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Ram Bahadur Rai Vs. the State of Bihar and ors. - Court Judgment

LegalCrystal Citation
SubjectCriminal
CourtSupreme Court of India
Decided On
Case NumberWrit Petition No. 347 of 1974
Judge
Reported inAIR1975SC223; 1975CriLJ269; (1975)3SCC710; [1975]2SCR732
ActsConstitution of India - Articles 19(1), 22 and 22(5); Code of Criminal Procedure (CrPC) - Sections 144; Maintenance of Public Order; Maintenance and Internal Security Act, 1971 - Sections 3 and 3(1)
AppellantRam Bahadur Rai
RespondentThe State of Bihar and ors.
Appellant Advocate N.M. Ghatate and; S. Balakrishnan, Advs
Respondent Advocate Babadra Prasad and ; U.P. Singh, Adv.
Books referredWebster's Third New International Dictionary 1961 Ed.; The Random House Dictionary 1970 Ed.; The Shorter Oxford English Dictionary 1964 Ed., Vol. I,
Excerpt:
.....university campus on february 17 and 18, 1974, where at his instance, it was decided to start a 'gujarat type agitation' in bihar. on march, 18 the petitioner, according to reliable reports, had actually led the gherao of the assembly. by his concurring judgment held that it was 'well-known that large scale violence and arson were indulged in gujarat' and since the petitioner was the secretary of all india vidyarthi parishad, he would know what was meant by 'gujarat type of agitation';that a gherao may be accompanied with violence; but the difference between similar and same purpose is well-known to trained minds and what we are asked to accept by the advocate-general is that the particulars stated in grounds 1 and 2 refer to a series of continuous events woven together by a common..........answer to such problems and the glasses of the court have no tint. some one claimed that the gujarat agitation was essentially an anti price-rise stir which went out of hand because of supervening circumstances. some one else claimed that the movement in its inception was and was intended to be a violent means of creating chaos and public disorder. the fence-sitters saw sense in both points of view while the independent politician, not committed to this or that ideology, discovered yet new dimensions of the problem rejected alike by those who lanuched the movement and those who opposed it. so conflicting are the popular verdicts. it would be wholly improper for a court to pronounce on the prognosis of such political events. we shall therefore not assume that the decision to start a.....
Judgment:

Y.V. Chandrachud, J.

1. These proceedings for the writ of habeas corpus are directed against an order passed by the District Magistrate, Patna, on April 9, 1974 in the exercise of powers conferred by Section 3(1)(a)(ii) of the Maintenance of Internal Security Act, 26 of 1971. The District Magistrate directed by the aforesaid order that the petitioner, who is a student leader, be detained with a view to preventing him from acting in any manner prejudicial to the maintenance of public order.

2. The 'Grounds' of detention were served on the petitioner on April 13, 1974. They read thus:

1. Whereas the said Shri Ram Bahadur Rai, in his capacity as Secretary of All India Vidyarthi Parishad, attended a meeting of the Bihar Rajya Shatra Neta Sammelan held on the 17th and 18th February, 1974, in Patna University campus, in which from amongst other things, it was decided, at his instance, to start a Gujarat type of agitation in Bihar, and whereas in the same meeting it was also decided to resort to hunger strike and gherao of the office of the Chief Minister, Bihar, District Magistrate, Patna and other officials.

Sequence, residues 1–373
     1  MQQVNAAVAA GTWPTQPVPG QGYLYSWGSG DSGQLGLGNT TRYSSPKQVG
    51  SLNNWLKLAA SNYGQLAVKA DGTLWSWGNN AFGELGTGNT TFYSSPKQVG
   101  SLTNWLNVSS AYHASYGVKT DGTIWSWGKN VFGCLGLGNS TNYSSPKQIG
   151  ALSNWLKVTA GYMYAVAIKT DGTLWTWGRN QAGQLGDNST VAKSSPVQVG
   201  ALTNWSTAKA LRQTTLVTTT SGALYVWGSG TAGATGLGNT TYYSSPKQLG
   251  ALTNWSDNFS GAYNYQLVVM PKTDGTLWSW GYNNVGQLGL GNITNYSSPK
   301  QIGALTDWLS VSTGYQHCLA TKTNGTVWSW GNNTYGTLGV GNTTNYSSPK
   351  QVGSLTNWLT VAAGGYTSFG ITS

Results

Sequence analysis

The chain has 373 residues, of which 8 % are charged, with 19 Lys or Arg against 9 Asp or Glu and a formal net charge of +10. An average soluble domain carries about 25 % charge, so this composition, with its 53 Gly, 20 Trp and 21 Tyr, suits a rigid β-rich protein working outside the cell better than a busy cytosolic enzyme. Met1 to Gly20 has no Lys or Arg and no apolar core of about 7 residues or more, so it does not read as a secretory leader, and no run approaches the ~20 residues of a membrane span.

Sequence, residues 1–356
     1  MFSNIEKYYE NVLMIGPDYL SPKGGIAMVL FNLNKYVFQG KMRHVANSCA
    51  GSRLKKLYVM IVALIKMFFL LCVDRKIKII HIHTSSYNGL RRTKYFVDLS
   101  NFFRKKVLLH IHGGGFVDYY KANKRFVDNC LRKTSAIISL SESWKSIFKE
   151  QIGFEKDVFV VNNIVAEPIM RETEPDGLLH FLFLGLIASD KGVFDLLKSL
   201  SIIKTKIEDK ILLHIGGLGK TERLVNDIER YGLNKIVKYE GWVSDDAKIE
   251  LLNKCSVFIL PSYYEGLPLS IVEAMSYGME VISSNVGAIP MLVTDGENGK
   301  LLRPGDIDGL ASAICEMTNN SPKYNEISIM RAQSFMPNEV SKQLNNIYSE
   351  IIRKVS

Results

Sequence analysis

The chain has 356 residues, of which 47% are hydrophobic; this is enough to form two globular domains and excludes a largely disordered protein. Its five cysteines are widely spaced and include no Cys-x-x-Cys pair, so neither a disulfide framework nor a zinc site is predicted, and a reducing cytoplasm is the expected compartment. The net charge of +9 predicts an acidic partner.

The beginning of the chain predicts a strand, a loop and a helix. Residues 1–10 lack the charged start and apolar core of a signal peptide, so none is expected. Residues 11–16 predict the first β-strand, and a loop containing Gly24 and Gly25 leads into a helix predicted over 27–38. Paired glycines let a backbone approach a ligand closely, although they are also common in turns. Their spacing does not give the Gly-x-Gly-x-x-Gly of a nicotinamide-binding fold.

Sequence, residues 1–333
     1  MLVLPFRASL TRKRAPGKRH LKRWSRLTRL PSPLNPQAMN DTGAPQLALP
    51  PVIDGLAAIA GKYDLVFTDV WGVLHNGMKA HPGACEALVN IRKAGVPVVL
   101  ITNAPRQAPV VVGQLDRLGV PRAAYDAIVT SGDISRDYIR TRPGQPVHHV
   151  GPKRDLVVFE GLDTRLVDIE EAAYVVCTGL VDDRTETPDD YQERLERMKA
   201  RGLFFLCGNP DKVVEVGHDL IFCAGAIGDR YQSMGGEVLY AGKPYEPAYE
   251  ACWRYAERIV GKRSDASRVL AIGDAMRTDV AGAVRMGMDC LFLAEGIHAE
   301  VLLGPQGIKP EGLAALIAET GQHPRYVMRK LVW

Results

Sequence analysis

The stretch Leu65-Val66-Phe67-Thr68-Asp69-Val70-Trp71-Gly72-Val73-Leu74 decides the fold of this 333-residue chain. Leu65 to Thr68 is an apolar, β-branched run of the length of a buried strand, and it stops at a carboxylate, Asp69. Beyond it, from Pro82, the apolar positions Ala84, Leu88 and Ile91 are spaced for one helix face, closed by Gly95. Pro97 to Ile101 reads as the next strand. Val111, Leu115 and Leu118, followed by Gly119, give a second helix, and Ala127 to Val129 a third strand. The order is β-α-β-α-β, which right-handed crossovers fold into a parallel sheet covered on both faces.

2. Whereas a meeting of the Students Steering Committee was held on the 1st March, 1974 under the Presidentship of Shri Laloo Prasad Yadav where it was decided to form a Sanchalan Samiti for conducting the students agitation, and whereas in the same meeting you readily accepted to become one of the members of the Sanchalan Samiti;

3. Whereas the said Shri Ram Bahadur Rai attended a meeting of the Sanchalan Samiti on 4-3-74 at the Legislature Club where he was instrumental in forcing a decision to Gherao the Assembly on the 18th March, 1974 and to prevent the Governor from addressing the Assembly on the same date;

4. Whereas the said Shri Ram Bahadur Rai further attended a meeting of the Bihar Rajya Chatra Sangharas Samiti on the 12th March, 1974 in the office of the Students Union, Patna University in which it was decided, at his instance, to commence the gherao of the Assembly on the 18th March, 1974 from 8.30 A.M.

5. Whereas there are reports to indicate that the said Shri Ram Bahadur Rai was actually leading and actively participating in the gherao of the Assembly on the 18th March, 1974; and

6. Whereas even after the 18th March 74, the said Shri Ram Bahadur Rai has been actively guiding the students agitation and with this end in view he convened a meeting of the students in the National Hall, Kadamkuan, Patna on the 8th April, 1974 wherein he exhorted them to paralyse the functioning of the Government offices with effect from the 9th April, 1974 by resorting to gheruo dharna. etc.

7. Whereas the said Shri Ram Bahadur Rai actually led a demonstration of the students on the 9th April, 1974 in defiance of the prohibitory orders under Section 144 Cr.P.C. with a dear intention and known objective to gherao the Government officials particularly the Secretariat buildings;

8. I am, therefore, satisfied that in the circumstances mentioned above if you are allowed to remain at large, you will indulge in further activities prejudicial to the maintenance of public order. I. V. S. Dubey, District Magistrate, Patna therefore, consider it necessary to detain you in custody with a view to preventing you from acting in any manner prejudicial to the maintenance of the public order.